FAR-RIGHT politician says something stupid and offensive about women.
It’s hardly a story likely to send the presses to a shuddering halt, but this one does have a happy ending.
Janusz Korwin-Mikke MEP – he of the “attitudes of men are passed to women by way of the semen” quote that wouldn’t even make a Bad Science spiked piece – told the European Parliament last month that "of course women must earn less than men because they are weaker, they are smaller, they are less intelligent, they must earn less.
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Fortunately, the new President of the European Parliament, Antonio Tajani, was having none of the MEP’s nonsense. Korwin-Mikke lost his daily subsistence allowance for 30 days, was suspended from all parliamentary work for 10 days, and was banned from representing the EP for a year. Subsistence allowance is the flat rate allocated to MEPs to cover their local transport, meals, etc, so this is no symbolic slapdown.
“I will not tolerate such behaviour, in particular when it comes from someone who is expected to discharge his duties as a representative of the peoples of Europe with due dignity,” Tajani said. “By offending all women, the MEP displayed contempt for our most fundamental values.
Now, a wise man once said offence is taken, not given. But we live in unsettling times where people compete to be venomous, anonymously or not, and we’re rapidly beginning to regard this as a fact of life. Nobody expects politics to be a gentle game, yet the bile meted out to the female party leaders of Scotland has a particular edge to it that should raise the hackles of any decent person. I get abuse, but it is as nothing compared to the abuse women receive.
Eleanor Roosevelt said “every woman in public life needs to develop skin as tough as rhinoceros hide”, but I wonder what she would have made of Twitter.
Sexism, misogyny, the vitriol of eggs – they’re the tantrums of a world order that’s slowly on the way out.
The politics of guns and tanks and ridiculous dominance-asserting handshakes should be over. Hard power has served people well in the past, when we existed in a Hobbesian society where he who had the biggest stick had the pick of resources. We’ve moved on but it still has a simplistic allure: "We’re the good guys, they’re the bad guys, let’s go get them".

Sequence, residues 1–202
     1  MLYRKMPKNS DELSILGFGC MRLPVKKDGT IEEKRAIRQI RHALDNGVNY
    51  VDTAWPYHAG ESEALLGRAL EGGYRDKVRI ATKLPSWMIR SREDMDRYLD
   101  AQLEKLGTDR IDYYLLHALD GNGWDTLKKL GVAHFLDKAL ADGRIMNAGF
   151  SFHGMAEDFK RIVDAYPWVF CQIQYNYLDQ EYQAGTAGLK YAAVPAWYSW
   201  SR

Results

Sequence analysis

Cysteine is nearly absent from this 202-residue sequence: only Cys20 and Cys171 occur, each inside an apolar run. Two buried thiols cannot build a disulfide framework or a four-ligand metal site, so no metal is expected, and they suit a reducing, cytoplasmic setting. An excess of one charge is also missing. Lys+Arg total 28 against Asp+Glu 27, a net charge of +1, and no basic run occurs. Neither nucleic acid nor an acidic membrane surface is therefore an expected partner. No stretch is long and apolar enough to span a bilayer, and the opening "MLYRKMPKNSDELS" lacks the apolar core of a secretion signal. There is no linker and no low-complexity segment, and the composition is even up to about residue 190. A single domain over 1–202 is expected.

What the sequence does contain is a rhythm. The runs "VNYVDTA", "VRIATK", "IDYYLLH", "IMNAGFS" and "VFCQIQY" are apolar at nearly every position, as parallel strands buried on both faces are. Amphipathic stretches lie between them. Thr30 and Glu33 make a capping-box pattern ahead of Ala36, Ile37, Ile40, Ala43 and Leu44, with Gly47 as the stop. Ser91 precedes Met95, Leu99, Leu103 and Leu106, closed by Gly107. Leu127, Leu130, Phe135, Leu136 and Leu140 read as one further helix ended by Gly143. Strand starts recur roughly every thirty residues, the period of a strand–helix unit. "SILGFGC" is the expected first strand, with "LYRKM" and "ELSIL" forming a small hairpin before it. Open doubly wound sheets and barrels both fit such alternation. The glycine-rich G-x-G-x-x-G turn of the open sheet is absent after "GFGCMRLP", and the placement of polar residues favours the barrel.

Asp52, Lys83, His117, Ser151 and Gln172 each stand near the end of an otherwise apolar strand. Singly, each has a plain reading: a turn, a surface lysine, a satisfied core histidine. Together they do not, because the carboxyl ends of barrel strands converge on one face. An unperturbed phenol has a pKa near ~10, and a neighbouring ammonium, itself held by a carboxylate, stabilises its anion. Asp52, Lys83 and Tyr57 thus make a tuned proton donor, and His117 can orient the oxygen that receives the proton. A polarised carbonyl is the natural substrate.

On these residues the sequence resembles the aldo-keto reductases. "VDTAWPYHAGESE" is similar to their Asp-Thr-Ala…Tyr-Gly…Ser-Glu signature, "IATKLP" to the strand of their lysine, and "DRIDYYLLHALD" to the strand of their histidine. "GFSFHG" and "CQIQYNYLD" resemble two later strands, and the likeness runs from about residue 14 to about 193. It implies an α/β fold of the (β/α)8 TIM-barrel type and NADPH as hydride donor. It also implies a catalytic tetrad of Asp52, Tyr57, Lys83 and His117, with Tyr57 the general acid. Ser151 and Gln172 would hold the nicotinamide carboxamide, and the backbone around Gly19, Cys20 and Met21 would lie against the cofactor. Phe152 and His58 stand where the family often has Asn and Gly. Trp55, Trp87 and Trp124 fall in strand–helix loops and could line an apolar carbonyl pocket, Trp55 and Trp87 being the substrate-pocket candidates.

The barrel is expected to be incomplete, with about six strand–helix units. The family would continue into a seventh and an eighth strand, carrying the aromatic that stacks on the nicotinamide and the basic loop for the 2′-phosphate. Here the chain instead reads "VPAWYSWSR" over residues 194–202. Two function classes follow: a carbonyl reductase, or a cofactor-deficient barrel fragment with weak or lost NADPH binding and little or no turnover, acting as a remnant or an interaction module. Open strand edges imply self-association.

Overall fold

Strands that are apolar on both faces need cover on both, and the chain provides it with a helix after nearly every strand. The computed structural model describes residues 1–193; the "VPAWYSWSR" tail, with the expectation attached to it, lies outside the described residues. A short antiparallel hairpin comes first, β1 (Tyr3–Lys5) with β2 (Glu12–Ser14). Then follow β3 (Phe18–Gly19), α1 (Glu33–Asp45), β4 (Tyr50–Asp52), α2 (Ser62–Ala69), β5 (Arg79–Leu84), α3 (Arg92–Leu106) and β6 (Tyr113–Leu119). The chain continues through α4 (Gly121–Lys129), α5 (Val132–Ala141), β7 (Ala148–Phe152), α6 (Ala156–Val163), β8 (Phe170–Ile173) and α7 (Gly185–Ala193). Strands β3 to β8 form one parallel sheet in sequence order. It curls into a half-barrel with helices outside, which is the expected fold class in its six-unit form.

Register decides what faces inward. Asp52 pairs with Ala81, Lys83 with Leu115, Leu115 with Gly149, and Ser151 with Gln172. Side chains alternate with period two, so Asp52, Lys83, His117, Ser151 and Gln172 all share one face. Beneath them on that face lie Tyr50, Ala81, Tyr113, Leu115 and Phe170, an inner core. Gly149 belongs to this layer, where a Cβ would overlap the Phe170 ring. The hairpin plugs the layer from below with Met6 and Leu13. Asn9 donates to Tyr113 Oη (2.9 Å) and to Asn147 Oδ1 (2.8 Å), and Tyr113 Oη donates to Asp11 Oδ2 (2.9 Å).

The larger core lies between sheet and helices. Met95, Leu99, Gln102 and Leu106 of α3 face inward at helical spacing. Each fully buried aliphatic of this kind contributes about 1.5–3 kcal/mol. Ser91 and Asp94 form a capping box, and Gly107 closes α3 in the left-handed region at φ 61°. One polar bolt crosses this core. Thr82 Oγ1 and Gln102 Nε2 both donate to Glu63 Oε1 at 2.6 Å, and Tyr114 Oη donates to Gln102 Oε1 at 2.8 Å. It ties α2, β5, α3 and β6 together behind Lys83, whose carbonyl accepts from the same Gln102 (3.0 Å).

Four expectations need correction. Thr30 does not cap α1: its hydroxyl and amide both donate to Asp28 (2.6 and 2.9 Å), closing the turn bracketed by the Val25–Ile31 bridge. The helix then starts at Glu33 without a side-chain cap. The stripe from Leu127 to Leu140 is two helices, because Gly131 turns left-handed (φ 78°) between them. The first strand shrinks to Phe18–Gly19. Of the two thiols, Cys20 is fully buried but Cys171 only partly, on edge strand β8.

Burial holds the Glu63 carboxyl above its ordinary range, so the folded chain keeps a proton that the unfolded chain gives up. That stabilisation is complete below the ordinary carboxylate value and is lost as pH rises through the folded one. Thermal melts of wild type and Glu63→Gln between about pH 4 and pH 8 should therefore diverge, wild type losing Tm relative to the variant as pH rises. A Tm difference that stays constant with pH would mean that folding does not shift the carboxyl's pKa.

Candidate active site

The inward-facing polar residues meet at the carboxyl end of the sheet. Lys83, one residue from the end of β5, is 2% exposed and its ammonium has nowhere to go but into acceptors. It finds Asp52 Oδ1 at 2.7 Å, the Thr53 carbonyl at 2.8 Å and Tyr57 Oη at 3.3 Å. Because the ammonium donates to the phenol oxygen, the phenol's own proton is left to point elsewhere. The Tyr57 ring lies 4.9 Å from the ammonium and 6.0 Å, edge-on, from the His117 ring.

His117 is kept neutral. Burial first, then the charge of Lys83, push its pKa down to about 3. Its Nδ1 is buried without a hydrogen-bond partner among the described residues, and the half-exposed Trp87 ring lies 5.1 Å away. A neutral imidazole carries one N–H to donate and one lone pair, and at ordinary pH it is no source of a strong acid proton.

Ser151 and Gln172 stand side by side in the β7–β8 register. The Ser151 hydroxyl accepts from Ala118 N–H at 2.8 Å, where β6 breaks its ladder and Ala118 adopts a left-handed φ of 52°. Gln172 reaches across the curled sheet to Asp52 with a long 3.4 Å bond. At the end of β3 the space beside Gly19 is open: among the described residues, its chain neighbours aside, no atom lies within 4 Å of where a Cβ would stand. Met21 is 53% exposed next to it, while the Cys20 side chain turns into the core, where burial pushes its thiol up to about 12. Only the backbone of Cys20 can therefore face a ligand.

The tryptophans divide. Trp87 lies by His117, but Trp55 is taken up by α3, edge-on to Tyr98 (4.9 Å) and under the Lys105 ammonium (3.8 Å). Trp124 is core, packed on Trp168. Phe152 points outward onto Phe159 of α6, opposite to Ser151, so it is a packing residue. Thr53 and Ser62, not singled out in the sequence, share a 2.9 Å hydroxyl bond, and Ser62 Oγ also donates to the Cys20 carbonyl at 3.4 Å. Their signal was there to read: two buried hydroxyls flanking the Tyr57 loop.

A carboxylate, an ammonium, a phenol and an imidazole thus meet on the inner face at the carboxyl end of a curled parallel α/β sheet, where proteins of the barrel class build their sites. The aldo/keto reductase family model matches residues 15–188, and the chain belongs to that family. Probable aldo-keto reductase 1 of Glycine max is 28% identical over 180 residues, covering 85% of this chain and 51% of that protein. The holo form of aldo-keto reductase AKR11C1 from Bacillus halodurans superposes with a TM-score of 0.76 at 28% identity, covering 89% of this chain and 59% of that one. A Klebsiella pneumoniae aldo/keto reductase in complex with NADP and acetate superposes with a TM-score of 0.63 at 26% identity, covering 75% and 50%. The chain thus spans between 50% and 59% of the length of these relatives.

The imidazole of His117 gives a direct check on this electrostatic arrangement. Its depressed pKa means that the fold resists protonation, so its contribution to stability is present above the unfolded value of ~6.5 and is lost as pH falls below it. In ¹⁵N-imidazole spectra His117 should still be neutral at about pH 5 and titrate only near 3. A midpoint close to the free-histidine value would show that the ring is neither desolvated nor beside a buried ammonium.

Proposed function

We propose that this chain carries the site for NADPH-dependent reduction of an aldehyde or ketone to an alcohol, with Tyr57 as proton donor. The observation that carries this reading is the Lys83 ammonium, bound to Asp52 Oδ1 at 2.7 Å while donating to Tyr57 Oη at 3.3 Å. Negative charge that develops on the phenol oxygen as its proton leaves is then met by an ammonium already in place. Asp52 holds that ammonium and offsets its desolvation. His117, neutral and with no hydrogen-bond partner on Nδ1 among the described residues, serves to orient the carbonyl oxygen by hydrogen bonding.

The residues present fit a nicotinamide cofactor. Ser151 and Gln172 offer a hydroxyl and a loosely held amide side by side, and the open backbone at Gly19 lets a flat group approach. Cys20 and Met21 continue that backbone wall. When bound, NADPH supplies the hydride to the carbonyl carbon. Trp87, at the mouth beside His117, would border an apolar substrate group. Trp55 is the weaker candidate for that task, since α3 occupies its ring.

That’s not how politics is supposed to work now. The EU is "never again" in action, a radical form of international relations that keeps nations locked in a perpetual cycle of negotiation and compromise, channelling energy for the common good and tackling common problems that would be too big for one country to solve alone.
It’s soft power; a non-coercive, cultural, value-led currency instead of jackboots and bombs.
This week has shown us that the First Minister’s statesmanship is far closer to Europe than Westminster. In the space of a few days, the First Minister had spoken at the United Nations to reiterate Scotland’s credentials as a “good global citizen” ready to take its seat on the world stage, brought the house down at the Women in the World summit, and delivered a headline lecture at Stanford University.
The only good thing about the chaos of the last few months has been that supporters of an independent Scotland have put our case to the world, speaking calmly and providing a marked contrast to the insular attitude of the Westminster government.
And being listened to like never before. We have the chance to make the choice about the kind of country we want to be, and who to have as our allies. Think about how we look to the world right now. The UK Government brought in an abhorrent, spiteful, ignorant piece of legislation that penalises women for having more than two children. The Scottish Government announced that it will be funding the training of 200 women from conflict zones on peacekeeping and conflict resolution to build long-lasting peace in war-torn countries.
Sometimes it feels like the world is going backwards, and we’re having to fight the same battles and defend the same rights over and over.
It’s not easy – we’re all tired, and it’s understandable to be disheartened. But right now we have a golden opportunity to keep pushing forward for a better Scotland, leaving the denizens of the past – and their outdated attitudes – behind.